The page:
[Pitch] Task owned objects , which show up as not requiring retain/release during Task

Think of the performance!

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Task owned objects would still require retain/release operations to appropriately implement the CoW property, unless we either constrained all Task-owned objects to be reference types or otherwise limited their functionality substantially.

Put another way, in Swift the difference between a refcount of 1 and a refcount of n where n > 1 is an observable property of the language, and the Task necessarily holds a reference to the object. As a result, Task owned objects would simply behave as though they were task-locals: the Task holds a reference to the object, and you might be able to trigger a path through a _modify accessor that can elide a refcount operation, but that will depend very much on exactly what you do.

Classes without ref counting is a start. If the object were private to task, and during debug you could prove there were no external refs, could you call immortalize on the ref at task begin, and then just delete it at then end? And do no book keeping at all in the meantime ?

The idea is the Task owns it and when the Task ends it dies, so its like the unmanaged stuff where during a closure you have a ref that doesn't need ARC, but this is for the duration of the Task, with the additional benefit the runtime people own the executor, so they can feel safer, and allow more performance.

Not trivially, no. Users may always copy the task (e.g. by assigning it to a function-local variable) which will trigger a retain. Swift could optimise that away if it sees the reference drop, but escape analysis is not generally possible, so there are plenty of cases where it cannot: maybe you pass the task-local to a function defined in another module, maybe you temporarily wrap it in a structure without a _modify accessor on a field, maybe you mistakenly return it or do something else.

The only general solution to this problem is to adopt some of the lifetime techniques made popular by Rust. If Swift had a notion of a "scoped borrow", then it would be possible for Tasks to only vend "scoped borrows" to their task private data. If Swift could then enforce the lifetimes of function arguments and other types then those scoped borrows could be validated and escape could be prevented.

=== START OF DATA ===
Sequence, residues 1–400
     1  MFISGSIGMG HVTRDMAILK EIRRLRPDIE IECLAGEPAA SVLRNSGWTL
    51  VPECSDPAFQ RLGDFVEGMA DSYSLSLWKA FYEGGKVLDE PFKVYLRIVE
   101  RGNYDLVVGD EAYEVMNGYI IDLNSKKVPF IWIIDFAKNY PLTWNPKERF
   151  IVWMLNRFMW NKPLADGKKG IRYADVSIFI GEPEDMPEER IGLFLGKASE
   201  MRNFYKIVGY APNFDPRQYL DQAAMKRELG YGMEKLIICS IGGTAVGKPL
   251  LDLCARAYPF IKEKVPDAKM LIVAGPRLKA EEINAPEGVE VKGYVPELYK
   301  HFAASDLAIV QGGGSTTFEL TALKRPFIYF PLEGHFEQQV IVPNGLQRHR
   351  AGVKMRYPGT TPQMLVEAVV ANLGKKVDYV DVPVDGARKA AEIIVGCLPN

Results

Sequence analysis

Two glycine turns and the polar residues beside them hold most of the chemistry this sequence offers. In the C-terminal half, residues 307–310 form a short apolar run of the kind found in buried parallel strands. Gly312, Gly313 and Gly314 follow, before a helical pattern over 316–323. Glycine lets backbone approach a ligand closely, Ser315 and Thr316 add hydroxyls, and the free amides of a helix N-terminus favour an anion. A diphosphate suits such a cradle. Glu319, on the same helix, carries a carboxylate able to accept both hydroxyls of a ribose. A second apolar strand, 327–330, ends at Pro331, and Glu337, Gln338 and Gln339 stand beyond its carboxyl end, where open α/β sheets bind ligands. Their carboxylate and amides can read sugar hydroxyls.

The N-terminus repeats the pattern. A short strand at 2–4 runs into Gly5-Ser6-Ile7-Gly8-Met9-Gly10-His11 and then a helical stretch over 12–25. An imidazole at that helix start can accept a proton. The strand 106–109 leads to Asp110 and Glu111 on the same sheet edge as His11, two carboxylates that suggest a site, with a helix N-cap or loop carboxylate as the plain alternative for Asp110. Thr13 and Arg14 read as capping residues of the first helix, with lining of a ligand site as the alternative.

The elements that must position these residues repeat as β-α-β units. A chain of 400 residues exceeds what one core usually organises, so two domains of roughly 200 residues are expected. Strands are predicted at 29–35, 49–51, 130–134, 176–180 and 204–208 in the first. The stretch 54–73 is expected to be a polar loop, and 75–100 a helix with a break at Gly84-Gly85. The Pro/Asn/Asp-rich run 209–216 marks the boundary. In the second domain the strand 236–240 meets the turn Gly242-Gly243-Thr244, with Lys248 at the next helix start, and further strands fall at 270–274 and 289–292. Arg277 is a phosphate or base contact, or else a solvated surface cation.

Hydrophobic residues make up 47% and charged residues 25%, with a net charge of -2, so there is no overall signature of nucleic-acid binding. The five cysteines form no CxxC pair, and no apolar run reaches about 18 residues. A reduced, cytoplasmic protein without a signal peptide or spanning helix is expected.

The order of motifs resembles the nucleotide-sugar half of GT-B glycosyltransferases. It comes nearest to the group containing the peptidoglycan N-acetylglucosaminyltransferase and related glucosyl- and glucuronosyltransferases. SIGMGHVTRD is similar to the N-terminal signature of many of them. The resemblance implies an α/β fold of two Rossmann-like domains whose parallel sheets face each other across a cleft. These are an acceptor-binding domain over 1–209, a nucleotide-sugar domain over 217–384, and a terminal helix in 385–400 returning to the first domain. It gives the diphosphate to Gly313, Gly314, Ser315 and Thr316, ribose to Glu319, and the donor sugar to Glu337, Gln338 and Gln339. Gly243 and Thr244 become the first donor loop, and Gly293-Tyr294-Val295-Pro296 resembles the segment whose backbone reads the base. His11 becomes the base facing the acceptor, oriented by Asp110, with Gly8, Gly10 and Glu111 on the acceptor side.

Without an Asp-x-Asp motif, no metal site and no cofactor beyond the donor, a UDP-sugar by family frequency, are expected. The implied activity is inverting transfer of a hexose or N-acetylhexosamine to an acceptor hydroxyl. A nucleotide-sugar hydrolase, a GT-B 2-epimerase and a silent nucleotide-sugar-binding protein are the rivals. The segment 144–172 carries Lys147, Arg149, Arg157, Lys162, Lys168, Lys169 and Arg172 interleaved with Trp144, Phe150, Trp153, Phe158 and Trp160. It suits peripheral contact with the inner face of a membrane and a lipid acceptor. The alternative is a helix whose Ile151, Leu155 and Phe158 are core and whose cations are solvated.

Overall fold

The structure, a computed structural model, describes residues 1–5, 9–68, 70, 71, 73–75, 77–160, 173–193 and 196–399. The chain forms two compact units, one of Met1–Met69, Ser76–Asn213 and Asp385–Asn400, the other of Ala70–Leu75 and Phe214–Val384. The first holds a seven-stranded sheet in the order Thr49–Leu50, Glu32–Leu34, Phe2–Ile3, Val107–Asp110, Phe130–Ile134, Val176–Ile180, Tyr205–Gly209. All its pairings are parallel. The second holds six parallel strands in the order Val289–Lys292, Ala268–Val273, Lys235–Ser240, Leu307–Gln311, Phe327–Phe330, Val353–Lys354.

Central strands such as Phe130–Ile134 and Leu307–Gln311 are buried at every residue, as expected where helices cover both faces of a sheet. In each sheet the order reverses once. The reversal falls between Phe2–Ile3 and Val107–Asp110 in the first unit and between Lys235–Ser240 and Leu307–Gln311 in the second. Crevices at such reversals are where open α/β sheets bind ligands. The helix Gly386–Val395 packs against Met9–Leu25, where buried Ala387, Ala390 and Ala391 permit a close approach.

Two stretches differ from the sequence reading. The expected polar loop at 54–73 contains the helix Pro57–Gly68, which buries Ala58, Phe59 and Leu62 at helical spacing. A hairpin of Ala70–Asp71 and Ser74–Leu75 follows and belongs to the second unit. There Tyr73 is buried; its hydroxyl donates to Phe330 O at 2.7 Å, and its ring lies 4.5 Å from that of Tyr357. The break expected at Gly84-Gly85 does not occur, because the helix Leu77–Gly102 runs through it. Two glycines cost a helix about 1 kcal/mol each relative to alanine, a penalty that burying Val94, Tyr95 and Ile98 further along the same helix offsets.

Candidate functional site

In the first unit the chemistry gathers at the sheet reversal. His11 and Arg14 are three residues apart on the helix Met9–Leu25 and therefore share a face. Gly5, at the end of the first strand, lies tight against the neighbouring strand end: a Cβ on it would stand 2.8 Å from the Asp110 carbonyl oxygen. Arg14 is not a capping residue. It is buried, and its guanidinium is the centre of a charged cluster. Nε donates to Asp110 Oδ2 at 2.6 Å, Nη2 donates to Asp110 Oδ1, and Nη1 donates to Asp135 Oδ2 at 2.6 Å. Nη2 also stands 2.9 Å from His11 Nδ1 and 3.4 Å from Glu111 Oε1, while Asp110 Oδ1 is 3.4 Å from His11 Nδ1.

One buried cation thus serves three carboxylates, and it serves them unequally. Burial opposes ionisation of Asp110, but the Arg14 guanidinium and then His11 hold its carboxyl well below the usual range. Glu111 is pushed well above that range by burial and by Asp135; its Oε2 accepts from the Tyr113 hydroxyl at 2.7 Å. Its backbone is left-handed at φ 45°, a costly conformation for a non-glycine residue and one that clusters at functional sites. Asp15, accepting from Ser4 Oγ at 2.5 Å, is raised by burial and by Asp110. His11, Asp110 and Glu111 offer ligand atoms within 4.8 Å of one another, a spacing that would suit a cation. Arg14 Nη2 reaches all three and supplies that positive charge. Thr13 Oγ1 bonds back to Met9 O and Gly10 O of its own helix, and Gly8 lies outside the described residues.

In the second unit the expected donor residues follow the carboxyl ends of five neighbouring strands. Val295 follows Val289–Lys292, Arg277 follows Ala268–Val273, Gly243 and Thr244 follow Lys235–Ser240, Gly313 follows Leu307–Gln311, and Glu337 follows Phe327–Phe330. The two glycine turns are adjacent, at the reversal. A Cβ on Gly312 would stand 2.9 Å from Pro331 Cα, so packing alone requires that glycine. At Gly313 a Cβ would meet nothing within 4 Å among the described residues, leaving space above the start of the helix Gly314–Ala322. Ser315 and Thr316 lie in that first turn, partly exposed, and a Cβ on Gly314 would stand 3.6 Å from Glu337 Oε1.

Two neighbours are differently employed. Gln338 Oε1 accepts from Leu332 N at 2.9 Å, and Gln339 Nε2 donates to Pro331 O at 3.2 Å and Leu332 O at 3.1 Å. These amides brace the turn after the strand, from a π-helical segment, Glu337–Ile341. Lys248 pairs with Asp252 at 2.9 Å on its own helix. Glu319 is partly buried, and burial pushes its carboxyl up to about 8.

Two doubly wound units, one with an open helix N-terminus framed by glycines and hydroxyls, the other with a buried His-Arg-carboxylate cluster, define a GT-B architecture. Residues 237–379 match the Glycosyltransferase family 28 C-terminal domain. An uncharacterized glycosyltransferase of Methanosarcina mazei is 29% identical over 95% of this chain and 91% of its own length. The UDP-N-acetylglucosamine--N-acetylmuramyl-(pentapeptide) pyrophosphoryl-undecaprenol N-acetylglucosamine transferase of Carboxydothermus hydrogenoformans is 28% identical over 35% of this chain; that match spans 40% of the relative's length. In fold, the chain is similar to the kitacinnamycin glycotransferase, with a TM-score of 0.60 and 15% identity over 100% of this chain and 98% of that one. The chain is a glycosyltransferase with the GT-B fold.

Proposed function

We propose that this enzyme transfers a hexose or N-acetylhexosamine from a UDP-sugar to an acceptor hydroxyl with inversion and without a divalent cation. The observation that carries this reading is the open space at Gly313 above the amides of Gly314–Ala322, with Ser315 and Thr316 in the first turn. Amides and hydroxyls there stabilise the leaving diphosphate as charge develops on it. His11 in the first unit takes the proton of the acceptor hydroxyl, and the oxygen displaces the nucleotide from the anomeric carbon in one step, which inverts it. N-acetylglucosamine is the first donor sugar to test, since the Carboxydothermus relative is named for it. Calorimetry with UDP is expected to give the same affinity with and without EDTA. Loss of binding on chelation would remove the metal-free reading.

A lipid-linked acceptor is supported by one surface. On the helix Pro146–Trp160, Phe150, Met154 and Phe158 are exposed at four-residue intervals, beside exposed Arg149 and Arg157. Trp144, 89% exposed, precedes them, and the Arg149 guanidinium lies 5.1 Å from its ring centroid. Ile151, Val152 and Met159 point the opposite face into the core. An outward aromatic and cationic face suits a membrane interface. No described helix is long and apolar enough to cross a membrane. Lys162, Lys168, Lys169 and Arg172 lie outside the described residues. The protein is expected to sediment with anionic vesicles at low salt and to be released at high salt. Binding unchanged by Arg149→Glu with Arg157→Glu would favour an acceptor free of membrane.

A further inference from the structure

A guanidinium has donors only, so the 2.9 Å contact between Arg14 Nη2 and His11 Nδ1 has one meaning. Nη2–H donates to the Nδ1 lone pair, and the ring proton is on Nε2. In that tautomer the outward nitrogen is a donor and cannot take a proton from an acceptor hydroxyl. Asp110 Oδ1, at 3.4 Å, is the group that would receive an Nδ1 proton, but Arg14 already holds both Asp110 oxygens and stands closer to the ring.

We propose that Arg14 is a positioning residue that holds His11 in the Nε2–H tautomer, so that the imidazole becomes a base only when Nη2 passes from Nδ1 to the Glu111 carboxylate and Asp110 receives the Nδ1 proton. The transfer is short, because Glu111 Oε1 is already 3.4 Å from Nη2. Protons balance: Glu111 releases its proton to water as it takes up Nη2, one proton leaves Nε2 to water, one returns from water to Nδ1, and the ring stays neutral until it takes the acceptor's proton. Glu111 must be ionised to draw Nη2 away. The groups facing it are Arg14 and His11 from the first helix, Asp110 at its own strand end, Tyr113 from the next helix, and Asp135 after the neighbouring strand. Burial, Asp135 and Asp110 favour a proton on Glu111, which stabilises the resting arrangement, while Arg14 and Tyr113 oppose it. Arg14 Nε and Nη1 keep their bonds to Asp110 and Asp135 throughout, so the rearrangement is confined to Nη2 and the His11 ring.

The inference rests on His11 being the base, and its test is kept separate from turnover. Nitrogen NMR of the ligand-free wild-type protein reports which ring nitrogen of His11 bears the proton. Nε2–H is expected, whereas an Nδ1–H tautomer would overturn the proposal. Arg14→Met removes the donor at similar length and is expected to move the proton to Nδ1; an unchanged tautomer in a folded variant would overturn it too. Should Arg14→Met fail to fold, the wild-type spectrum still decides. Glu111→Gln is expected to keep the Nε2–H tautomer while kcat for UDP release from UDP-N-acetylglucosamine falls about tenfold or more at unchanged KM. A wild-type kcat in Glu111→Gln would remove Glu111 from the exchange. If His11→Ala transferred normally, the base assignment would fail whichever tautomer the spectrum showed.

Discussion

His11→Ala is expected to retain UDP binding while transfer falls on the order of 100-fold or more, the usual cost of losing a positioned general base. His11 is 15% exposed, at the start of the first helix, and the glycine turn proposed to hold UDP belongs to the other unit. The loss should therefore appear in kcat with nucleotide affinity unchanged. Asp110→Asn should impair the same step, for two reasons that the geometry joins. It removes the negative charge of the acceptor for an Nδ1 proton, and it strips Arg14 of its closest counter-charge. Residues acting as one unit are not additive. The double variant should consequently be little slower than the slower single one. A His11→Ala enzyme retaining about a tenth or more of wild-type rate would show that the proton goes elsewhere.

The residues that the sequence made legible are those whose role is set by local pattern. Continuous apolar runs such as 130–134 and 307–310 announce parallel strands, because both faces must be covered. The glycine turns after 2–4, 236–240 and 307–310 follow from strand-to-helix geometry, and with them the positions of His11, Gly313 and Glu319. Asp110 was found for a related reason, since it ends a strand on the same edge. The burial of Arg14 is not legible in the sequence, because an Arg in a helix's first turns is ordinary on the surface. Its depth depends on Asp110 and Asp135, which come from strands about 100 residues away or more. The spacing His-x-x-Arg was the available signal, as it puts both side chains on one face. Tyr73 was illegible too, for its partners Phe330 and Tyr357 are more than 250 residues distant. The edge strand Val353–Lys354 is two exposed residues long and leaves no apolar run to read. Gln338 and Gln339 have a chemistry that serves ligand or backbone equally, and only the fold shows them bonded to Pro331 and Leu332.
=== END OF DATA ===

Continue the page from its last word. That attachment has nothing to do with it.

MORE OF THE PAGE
This approach is possible, but it is far from straightforward, and Task-owned objects are probably the easiest part of it. A comprehensive lifetime model is far and away the harder part, and not necessarily a natural fit for Swift.


Does immortalize() turn off ref counting ?


A couple corrections.

Tasks have reference semantics; copying a reference to the task doesn’t introduce more references to state that’s internal to the task. Presumably an instance of a task-local class would not be Sendable and so would remain internal to the task.

Scoped borrows aren’t especially problematic in Swift’s model as long as they can be declaration-driven and we don’t have to e.g. put them in an array. We are likely to have the ability to express this in the language eventually; we just aim for it to be a more “expert-oriented” feature than it is in Rust.

While task-duration objects are imaginable, they do have the obvious disadvantage of causing the task to accumulate unbounded amounts of memory for the duration of the task. Plus, of course, they would require extra storage in every task to maintain a list of all the objects that need to be destroyed at the end of the task. There are two optimizations that are both less of an imposition and more generically powerful:

  • non-atomic reference counts for classes that aren’t Sendable and that we’re willing to guarantee are never shared between concurrent contexts
  • unique references for classes that are willing to suffer the inconveniences of a strict single-ownership model